They mingled and took a few pics, but the main event was JB banging out a beat.When it comes to having sex with a new partner, everyone has an opinion on when’s the ‘right’ time to take the plunge – and the truth is, they’re all wrong!It’s terrific in that role, mixing titillation with a narrative of moral decline among elite young people, and giving commentators a chance to tisk at kids these days. The trouble isn’t just that the standard narrative about hook-ups—the idea that college kids are getting wasted and sleeping with random strangers every Saturday night—overstates things.It’s that it masks some of the things that are really interesting, and sometimes worrying, about young adults’ notions of sex and gender roles. A recent paper by Martin Monto and Anna Carey of the University of Portland confirmed what scholars looking at sexual behavior on campus have known for a while—the notion of modern campuses as a non-stop sex-fueled party is massively overblown.The last thing you want is to feel criticised, uncomfortable or – in extreme cases – hurt or threatened.That’s why taking some time to get to know someone is often the best way of ensuring you have no regrets when you do decide to sleep with them.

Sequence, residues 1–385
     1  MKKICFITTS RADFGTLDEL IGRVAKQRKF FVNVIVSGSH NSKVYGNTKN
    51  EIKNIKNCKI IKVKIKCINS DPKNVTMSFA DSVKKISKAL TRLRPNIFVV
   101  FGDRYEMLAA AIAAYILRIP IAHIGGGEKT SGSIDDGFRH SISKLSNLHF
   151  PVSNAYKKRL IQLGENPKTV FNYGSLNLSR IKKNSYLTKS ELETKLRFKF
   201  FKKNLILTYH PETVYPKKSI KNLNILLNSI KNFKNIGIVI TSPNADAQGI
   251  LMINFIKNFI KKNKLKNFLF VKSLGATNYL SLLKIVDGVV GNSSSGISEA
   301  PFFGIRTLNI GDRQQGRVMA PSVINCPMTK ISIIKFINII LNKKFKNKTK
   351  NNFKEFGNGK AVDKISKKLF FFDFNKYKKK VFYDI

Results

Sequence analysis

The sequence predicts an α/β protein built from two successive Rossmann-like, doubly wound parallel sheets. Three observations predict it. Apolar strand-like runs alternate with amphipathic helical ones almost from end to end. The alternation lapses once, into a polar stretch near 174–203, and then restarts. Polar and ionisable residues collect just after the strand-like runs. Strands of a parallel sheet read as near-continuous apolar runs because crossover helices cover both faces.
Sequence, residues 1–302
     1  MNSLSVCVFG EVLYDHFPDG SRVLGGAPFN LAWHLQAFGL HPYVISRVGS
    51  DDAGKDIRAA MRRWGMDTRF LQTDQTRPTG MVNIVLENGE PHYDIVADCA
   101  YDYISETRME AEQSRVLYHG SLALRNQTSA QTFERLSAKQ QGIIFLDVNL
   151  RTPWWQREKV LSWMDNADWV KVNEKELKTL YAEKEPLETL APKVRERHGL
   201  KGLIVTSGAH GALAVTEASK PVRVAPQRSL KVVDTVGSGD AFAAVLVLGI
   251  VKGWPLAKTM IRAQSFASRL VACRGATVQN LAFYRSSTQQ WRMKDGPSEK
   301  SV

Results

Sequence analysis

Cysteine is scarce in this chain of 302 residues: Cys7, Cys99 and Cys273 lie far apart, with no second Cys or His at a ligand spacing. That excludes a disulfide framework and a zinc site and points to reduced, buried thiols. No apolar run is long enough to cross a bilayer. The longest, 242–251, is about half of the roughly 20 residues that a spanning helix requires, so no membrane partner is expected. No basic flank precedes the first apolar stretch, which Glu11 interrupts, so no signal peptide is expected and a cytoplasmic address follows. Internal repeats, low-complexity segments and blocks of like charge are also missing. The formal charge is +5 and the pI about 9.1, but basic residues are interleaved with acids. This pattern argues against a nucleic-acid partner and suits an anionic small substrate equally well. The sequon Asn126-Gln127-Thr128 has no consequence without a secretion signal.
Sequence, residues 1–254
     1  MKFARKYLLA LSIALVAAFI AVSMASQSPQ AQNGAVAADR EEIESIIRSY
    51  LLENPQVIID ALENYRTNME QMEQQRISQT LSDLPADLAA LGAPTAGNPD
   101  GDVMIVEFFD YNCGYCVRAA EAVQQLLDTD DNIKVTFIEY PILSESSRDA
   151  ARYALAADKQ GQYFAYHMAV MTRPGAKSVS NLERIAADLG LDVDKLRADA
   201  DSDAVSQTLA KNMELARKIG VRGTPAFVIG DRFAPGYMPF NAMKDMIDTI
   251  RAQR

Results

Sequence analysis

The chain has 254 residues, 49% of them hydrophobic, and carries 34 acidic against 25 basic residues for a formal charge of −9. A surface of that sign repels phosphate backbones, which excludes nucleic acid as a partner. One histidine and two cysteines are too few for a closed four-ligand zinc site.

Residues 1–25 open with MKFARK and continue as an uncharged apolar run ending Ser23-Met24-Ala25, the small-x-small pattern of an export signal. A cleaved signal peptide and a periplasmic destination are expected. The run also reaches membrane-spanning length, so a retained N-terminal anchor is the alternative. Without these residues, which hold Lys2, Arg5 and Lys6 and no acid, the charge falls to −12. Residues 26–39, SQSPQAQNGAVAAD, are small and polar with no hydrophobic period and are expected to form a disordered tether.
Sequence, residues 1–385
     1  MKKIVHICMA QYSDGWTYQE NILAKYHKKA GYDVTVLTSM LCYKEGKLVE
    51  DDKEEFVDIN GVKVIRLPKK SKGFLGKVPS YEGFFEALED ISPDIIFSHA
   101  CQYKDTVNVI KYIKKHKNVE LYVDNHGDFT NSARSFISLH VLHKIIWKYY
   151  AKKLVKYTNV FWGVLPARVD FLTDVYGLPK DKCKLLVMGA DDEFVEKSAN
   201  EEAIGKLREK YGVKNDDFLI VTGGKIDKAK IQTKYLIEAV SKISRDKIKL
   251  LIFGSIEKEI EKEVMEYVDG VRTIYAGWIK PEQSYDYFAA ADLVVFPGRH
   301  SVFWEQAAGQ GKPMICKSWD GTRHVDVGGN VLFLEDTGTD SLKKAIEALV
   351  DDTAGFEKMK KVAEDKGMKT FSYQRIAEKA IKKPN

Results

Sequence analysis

This shared awkwardness can often feel more intimate than the sex itself; these are the moments that you really let your guard down and let your partner see the real you.The big change came with the Baby Boom’s sexual revolution, and increases in casual sex since then have been relatively gradual.They also note that hooking up rarely happens between total strangers and often involves “relatively light” sexual activity.Writing in the American Sociological Association magazine , Elizabeth A.
Armstrong of the University of Michigan, Laura Hamilton of the University of California, Merced, and Paula England of New York University agree that modern campus culture isn’t a big departure from the recent past.
Looking at survey data from two groups of students, one that was in school from 1988 to 1996 and the other from 2004 to 2012, Monto and Carey found that the “hookup era” kids didn’t have more sex, or more partners, than the earlier group.